A project in London has developed a model for diagnosing and treating the mental health co-morbidities of diabetes. Steven Reid explains
It goes without saying that mental health and physical health are inextricably linked. Nowhere is this better demonstrated than in the management of long term physical health conditions such as diabetes, arthritis, cardiovascular disease and chronic obstructive pulmonary disease.
More than 15 million people in England have at least one long term condition and it seems not a week passes without yet another report that provides yet more evidence for the importance of good mental health in this group of patients.
‘Co-morbid mental health problems result in increased use of health and social care for physical problems’
Surveys consistently report a two- to threefold increased risk of depression in people with a range of long term conditions in comparison with the general population.
The impact of unidentified and untreated mental health problems are well known, and include poorer self-management, clinical outcomes and quality of life.
The wider cost
At a time when the NHS faces huge financial pressures, the economic case is especially pertinent. Co-morbid mental health problems result in increased use of health and social care for physical problems, and, in particular, unscheduled care.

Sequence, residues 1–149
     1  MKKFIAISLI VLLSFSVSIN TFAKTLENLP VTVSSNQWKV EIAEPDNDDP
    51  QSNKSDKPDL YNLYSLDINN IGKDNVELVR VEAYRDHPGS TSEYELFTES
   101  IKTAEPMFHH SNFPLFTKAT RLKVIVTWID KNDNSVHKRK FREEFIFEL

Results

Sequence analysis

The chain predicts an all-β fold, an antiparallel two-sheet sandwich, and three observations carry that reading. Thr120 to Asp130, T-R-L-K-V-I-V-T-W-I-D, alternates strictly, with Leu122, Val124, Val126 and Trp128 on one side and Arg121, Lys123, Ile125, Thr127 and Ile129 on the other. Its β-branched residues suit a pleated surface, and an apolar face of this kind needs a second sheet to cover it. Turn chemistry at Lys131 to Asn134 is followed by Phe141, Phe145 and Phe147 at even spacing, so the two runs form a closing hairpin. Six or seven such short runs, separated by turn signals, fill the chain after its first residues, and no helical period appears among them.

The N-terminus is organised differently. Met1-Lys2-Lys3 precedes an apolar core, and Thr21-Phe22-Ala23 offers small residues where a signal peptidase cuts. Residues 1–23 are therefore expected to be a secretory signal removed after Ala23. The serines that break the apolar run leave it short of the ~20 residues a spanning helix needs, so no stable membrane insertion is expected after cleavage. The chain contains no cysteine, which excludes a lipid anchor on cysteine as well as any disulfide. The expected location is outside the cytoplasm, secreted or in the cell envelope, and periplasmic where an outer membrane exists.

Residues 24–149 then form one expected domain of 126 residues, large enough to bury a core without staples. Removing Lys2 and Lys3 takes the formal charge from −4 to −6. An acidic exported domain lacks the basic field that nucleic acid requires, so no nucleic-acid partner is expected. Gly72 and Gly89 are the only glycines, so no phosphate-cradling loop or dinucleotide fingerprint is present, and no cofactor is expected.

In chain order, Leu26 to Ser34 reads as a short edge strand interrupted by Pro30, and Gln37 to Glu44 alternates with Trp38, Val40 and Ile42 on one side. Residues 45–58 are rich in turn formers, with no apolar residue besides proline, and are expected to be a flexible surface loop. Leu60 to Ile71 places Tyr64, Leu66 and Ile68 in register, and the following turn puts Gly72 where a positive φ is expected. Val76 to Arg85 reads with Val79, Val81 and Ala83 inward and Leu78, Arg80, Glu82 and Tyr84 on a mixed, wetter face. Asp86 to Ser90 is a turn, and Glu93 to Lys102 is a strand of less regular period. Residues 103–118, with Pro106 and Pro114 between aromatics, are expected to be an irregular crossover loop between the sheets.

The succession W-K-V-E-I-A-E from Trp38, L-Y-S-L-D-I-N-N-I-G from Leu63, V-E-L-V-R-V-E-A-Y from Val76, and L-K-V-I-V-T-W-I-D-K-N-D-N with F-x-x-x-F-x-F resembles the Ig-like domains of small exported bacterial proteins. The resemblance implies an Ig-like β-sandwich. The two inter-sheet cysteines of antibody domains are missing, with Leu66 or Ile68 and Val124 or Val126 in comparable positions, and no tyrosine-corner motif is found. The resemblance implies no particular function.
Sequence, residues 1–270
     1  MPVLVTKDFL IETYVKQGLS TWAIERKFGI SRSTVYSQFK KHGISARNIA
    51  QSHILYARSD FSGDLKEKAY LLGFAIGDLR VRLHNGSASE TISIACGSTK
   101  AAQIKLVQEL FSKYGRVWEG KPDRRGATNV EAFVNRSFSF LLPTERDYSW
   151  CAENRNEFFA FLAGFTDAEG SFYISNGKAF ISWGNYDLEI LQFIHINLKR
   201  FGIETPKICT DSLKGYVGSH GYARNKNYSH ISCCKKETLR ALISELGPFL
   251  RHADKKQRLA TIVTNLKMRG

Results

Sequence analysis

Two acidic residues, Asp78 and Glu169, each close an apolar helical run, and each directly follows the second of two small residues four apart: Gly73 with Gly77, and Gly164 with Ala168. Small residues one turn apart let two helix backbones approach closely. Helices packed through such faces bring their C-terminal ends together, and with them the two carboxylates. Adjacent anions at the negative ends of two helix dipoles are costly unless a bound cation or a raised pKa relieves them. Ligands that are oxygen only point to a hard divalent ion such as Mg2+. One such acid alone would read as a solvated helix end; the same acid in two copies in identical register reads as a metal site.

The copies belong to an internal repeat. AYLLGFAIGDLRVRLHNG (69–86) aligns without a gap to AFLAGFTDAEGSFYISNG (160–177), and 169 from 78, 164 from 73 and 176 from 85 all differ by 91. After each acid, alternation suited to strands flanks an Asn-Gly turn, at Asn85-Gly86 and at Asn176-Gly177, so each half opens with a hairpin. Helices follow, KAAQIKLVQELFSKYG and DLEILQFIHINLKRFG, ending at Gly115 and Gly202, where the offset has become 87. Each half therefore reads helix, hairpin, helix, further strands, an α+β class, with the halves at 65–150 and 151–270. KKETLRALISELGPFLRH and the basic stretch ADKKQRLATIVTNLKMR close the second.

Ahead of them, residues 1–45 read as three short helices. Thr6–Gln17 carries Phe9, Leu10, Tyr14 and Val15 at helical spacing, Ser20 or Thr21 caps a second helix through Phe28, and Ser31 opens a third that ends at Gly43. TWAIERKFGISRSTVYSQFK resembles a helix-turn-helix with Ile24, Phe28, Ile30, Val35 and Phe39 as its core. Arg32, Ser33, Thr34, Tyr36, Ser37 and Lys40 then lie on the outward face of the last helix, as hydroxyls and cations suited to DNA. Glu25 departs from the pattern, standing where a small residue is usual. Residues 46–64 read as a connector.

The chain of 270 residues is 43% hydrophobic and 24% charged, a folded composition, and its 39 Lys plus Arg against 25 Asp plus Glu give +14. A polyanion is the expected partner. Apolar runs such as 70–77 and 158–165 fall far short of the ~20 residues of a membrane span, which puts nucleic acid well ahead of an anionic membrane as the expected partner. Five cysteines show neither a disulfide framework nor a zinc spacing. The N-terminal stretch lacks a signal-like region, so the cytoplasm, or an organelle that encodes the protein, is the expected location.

The King’s Fund and Centre for Mental Health reviewed the evidence and in 2012 calculated that around £1 in every £8 of NHS expenditure spent on long term conditions is linked to poor mental health and wellbeing. This figure does not include the associated wider costs of reduced employment and social security benefits.
In the face of so much evidence, there seems to be a compelling case for change in the way we provide support for the psychological and mental health needs of people with long term conditions. After all, we have a range of cost effective interventions and service models that demonstrably lead to improved outcomes in both mental health and physical health.
‘People with diabetes experience disproportionately high rates of mental health problems’
Calls for better integration of physical and mental healthcare have become familiar to the point of banality, yet provision remains patchy and inconsistent.
The London Mental Health Strategic Clinical Network set out to look at what system changes are required by initially focusing on one long term condition: diabetes. There is evidence that psychological interventions not only benefit emotional wellbeing, but also have a direct impact on control of blood sugar.